This week’s vote in the United Nations was inevitably to condemn the US Embargo against Cuba.
For most countries, voting to condemn the United States’ decades’ long foreign policy toward Cuba is not a tough choice. Doing so allows countries with equally atrocious imperialist histories such as France to assert moral superiority.
A vote against the United States also allows a variety of countries whose own records on supporting human rights or collaborating with multinational capitalist corporations to appear far more socially democratic, far more Leftist, even far more socialist than they really are or could ever be.
Yet for the six decades that the Communist Party has ruled Cuba, it has collaborated with multinational capitalist corporations and knowingly undermined the Cuban people’s capacity to be capitalists themselves, even on the smallest of scales.
For the last three decades, Cuba has imported the vast quantity of agricultural products Cubans consume, despite the legendary fertility of Cuba’s soils, not to mention the vastness of the island itself. Today, Cuba imports over 80% of its food.
The simple reason for this has nothing to do with the US Embargo. It is because the Cuban government controls both the resources needed to farm and ownership of over 80% of Cuba’s arable land.
Despite post-Soviet, limited reforms, peasant entrepreneurs continue to fill crop quotas (called acopios), even though these quotas themselves go to feed foreign tourists at government-owned hotels, not average Cubans. The majority of Cubans depend on government food rations, just as they did in 1962 when rations were first instituted, to simply eat and get by.
Why can’t Cuba be self-sufficient in foodstuffs like beans and fresh fruits and vegetables as it was before Fidel Castro and the Communist Party took over the democratizing revolutionary state Cubans founded in 1959?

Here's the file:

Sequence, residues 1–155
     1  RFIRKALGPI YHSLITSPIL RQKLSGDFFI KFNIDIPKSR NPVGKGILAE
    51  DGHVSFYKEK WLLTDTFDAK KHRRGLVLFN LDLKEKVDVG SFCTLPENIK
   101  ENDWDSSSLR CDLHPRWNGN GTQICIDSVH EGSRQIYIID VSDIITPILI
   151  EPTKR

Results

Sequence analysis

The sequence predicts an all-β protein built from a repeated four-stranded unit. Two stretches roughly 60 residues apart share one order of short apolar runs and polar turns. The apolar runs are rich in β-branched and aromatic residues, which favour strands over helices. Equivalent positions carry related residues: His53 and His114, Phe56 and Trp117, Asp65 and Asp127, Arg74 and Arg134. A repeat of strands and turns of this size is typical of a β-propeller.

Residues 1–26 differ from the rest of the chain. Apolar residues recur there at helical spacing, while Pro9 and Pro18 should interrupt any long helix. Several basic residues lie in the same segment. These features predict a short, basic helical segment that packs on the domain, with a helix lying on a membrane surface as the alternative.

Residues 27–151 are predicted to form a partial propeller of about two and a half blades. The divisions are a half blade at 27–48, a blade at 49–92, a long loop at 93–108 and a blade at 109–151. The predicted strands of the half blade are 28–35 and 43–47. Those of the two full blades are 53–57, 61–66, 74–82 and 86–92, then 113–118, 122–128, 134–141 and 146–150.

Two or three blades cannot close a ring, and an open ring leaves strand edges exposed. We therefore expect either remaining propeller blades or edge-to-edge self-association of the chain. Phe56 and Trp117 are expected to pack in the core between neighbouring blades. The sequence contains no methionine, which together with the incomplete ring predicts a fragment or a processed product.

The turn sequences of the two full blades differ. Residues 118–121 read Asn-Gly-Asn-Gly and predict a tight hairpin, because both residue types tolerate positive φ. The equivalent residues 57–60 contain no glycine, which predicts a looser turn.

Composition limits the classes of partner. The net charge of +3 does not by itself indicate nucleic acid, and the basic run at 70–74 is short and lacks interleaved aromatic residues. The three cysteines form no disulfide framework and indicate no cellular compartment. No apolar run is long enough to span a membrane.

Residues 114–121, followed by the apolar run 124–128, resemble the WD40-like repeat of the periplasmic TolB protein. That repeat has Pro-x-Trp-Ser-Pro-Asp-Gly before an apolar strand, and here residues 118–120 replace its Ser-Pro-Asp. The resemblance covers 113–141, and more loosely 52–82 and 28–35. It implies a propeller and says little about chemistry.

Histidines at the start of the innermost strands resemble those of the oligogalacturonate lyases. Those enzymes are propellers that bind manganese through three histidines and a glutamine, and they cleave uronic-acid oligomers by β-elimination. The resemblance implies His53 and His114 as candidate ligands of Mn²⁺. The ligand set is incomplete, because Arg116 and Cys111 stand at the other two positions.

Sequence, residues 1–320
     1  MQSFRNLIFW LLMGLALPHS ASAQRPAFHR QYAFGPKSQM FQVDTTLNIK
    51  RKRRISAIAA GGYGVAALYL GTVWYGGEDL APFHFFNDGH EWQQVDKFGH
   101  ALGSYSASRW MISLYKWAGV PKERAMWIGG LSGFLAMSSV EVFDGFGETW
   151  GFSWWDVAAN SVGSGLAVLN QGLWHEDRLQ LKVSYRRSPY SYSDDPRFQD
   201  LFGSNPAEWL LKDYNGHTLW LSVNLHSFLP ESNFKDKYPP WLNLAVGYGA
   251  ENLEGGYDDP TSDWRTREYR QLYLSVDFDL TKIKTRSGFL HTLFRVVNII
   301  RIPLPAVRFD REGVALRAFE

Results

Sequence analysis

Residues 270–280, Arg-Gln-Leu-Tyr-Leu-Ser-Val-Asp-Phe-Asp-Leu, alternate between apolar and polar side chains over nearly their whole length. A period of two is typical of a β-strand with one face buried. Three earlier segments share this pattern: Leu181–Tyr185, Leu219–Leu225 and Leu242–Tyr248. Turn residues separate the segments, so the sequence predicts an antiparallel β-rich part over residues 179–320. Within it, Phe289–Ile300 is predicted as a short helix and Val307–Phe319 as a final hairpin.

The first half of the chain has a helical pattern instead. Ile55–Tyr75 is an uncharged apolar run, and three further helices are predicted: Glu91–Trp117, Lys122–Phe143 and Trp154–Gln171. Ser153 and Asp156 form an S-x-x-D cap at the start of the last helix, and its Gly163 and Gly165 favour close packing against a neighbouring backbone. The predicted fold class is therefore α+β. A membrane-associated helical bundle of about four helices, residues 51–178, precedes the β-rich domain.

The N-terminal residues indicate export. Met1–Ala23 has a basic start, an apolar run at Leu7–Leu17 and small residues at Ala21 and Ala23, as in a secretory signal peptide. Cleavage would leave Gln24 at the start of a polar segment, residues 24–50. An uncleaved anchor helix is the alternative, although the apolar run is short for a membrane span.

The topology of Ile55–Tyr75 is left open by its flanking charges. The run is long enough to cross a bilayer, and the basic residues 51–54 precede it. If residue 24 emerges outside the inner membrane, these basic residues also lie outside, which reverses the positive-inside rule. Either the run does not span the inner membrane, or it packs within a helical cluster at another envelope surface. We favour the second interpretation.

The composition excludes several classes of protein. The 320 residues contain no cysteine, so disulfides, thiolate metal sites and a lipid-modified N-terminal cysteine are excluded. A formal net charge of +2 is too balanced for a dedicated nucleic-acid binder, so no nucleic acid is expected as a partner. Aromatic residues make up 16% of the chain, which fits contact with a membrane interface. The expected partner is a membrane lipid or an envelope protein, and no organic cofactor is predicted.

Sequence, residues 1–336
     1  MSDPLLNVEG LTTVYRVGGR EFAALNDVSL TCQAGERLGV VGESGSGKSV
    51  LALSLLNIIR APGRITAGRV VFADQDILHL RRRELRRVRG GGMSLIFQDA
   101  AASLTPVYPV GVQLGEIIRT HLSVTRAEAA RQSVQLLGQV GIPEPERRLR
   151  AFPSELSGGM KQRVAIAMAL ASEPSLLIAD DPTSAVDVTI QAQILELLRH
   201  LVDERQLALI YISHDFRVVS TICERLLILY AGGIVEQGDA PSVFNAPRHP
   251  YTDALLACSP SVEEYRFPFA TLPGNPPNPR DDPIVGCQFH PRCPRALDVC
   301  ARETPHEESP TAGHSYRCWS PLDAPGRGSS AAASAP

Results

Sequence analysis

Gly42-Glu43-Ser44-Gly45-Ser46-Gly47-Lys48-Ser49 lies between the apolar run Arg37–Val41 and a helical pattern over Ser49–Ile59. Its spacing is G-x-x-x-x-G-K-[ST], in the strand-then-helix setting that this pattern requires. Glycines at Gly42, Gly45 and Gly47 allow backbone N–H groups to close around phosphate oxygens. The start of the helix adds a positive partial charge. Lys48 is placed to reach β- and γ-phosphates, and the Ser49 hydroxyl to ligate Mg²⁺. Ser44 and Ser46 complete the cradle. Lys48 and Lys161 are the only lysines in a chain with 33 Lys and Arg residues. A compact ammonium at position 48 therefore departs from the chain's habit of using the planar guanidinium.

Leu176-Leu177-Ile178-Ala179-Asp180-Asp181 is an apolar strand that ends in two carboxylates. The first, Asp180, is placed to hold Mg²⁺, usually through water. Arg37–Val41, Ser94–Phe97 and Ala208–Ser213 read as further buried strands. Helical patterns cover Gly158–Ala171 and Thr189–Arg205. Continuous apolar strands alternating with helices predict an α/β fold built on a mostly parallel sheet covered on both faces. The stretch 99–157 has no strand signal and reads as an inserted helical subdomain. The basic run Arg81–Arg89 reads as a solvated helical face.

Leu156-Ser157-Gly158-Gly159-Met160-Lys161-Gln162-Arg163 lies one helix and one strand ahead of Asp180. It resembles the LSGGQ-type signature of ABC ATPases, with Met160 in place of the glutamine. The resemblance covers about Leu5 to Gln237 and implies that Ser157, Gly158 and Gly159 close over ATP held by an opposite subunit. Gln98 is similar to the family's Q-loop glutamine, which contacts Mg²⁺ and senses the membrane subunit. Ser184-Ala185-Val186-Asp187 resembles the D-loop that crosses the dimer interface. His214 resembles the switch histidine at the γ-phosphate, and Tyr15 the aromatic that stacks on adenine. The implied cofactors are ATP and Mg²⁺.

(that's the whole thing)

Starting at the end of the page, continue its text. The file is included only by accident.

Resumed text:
The US Embargo has nothing to do with the reasons why Cuba cannot feed itself. Today, native root vegetables long associated with the diets of the poor, such as yuca and malanga, are not parts of the ration but luxuries rarely eaten by the majority of Cubans, that is, the poor.
Cuban leaders’ domestic policies are entirely to blame. Today Cuba’s leaders, like yesterday, prefer Cubans to depend on the state economically so that they can control their choices, actions and public attitudes politically.
Shame on the United Nations for helping the Cuban Communist Party and the Revolutionary Armed Forces that control its tourist sector and foreign investments to sustain the fiction that Cubans go hungry and flee the country because of US imperialism.
So long as the UN vote against the US Embargo serves the Cuban state and serves the mythology that socialism actually exists in Cuba, there will never be either true people-first socialism nor true political democracy in Cuba.
Lillian Guerra, University of Florida.